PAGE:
Individual in-situ notch filter tuning, along with the use of historic records of resonance frequencies and corresponding damping ratios, provides for the efficient assessment of the overall health of an HSA assembly. Large changes in one or both parameters may be indicative of a structural defect or irregularity, such as a loose swage joint, a damaged suspension, or excessive accumulation of debris on the head slider. As such, the principles of the present invention may be applied for purposes of performing in-situ predictive failure analysis.
The foregoing description of the various embodiments of the invention has been presented for the purposes of illustration and description. It is not intended to be exhaustive or to limit the invention to the precise form disclosed. Many modifications and variations are possible in light of the above teaching. It is intended that the scope of the invention be limited not by this detailed description, but rather by the claims appended hereto.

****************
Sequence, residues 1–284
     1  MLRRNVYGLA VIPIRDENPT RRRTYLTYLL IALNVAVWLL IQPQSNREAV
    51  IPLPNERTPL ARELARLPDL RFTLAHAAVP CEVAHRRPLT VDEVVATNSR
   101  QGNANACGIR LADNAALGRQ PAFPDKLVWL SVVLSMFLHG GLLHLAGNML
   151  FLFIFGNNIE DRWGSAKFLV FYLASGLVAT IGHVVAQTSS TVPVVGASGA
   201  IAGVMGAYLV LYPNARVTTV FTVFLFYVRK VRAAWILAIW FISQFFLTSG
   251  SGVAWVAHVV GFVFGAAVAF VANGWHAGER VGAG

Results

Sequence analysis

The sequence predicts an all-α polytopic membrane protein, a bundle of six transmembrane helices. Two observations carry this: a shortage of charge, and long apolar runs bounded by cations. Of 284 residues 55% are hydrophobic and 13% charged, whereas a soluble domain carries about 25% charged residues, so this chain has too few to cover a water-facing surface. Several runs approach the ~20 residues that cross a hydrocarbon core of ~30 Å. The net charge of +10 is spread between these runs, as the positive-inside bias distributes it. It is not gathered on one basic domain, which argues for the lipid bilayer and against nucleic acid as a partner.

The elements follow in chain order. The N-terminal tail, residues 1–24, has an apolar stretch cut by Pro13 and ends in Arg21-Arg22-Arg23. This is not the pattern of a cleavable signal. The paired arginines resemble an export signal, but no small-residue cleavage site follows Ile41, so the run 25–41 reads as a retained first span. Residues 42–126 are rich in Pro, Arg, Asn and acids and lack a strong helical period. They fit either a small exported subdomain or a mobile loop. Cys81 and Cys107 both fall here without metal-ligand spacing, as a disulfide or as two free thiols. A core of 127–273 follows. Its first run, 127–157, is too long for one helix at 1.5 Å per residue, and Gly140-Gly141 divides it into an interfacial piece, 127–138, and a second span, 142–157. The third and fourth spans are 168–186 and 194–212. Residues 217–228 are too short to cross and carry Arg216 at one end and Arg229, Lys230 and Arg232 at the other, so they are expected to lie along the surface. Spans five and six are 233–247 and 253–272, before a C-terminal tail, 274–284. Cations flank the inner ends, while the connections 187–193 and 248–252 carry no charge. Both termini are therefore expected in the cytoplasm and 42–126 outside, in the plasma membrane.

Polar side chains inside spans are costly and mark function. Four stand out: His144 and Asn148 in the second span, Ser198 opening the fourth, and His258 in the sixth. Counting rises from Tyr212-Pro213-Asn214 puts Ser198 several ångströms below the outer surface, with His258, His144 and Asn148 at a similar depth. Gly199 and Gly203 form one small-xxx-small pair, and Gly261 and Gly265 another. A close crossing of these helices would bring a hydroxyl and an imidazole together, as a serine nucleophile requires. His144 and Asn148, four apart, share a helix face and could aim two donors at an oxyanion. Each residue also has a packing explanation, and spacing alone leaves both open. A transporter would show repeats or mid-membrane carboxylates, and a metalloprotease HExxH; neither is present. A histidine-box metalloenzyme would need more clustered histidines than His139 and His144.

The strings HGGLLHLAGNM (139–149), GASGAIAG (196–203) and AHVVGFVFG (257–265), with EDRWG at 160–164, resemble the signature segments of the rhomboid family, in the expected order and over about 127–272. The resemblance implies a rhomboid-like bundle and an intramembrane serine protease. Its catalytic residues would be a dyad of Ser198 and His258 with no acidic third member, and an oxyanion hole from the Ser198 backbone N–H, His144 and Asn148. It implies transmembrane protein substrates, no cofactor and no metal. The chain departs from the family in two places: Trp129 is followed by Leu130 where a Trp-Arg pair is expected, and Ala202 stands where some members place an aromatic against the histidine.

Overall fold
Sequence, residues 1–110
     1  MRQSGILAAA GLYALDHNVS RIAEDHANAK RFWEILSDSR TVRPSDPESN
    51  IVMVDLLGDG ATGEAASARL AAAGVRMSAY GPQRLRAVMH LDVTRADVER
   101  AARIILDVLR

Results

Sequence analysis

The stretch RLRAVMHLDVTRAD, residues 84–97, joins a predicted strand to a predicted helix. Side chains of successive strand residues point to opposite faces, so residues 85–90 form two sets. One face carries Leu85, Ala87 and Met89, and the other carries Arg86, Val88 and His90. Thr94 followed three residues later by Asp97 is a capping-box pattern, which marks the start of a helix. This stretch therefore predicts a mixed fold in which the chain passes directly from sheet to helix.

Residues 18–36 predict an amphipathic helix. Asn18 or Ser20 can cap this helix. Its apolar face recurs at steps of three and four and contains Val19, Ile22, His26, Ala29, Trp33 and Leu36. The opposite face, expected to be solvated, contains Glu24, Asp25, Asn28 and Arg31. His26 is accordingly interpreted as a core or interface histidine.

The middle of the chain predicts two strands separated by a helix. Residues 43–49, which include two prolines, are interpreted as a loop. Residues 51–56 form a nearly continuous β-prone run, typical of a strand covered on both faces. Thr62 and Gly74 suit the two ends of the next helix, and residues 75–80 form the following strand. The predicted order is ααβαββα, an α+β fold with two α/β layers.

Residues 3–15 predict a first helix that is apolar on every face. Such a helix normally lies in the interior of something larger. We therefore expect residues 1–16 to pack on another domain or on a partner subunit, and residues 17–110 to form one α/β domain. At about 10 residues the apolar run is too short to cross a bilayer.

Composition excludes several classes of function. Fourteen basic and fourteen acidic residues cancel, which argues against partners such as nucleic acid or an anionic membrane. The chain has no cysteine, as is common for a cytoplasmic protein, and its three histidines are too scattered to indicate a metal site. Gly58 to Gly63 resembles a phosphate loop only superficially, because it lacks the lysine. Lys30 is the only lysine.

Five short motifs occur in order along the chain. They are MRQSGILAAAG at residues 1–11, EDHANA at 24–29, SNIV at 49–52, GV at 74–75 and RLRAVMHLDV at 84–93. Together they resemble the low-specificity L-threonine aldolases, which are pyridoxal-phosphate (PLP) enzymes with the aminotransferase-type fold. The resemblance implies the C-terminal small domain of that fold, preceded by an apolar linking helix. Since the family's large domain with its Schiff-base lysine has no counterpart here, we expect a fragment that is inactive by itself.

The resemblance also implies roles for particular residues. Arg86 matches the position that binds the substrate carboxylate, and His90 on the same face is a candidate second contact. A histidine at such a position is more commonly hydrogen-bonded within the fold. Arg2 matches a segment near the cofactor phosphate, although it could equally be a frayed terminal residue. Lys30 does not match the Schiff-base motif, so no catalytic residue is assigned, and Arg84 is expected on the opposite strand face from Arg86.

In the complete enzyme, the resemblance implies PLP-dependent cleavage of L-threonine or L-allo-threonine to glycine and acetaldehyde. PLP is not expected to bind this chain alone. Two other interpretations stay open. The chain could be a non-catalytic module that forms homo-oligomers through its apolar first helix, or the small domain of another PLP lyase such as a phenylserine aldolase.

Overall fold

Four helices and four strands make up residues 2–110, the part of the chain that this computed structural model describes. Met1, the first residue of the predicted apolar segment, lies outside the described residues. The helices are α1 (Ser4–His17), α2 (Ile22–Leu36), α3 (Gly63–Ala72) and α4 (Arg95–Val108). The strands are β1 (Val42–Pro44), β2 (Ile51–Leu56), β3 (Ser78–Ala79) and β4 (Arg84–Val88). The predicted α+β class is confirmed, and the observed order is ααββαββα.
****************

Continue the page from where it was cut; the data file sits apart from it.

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|U.S. Classification||360/77.02, G9B/5.188, G9B/5.221|
|International Classification||G11B5/55, G11B5/596, G11B21/16|
|Cooperative Classification||G11B5/5526, G11B5/59627|
|European Classification||G11B5/55D1, G11B5/596E|
|Dec 2, 1998||AS||Assignment|
Owner name: INTERNATIONAL BUSINESS MACHINES CORPORATION, NEW Y
Free format text: ASSIGNMENT OF ASSIGNORS INTEREST;ASSIGNORS:OTTESEN, HAL HJALMAR;SMITH, GORDON JAMES;REEL/FRAME:009617/0870;SIGNING DATES FROM 19981130 TO 19981201
|Feb 25, 2003||CC||Certificate of correction|
|Jul 28, 2003||AS||Assignment|
|Dec 30, 2005||FPAY||Fee payment|
Year of fee payment: 4
|Feb 15, 2010||REMI||Maintenance fee reminder mailed|
|Jul 9, 2010||LAPS||Lapse for failure to pay maintenance fees|
|Aug 31, 2010||FP||Expired due to failure to pay maintenance fee|
Effective date: 20100709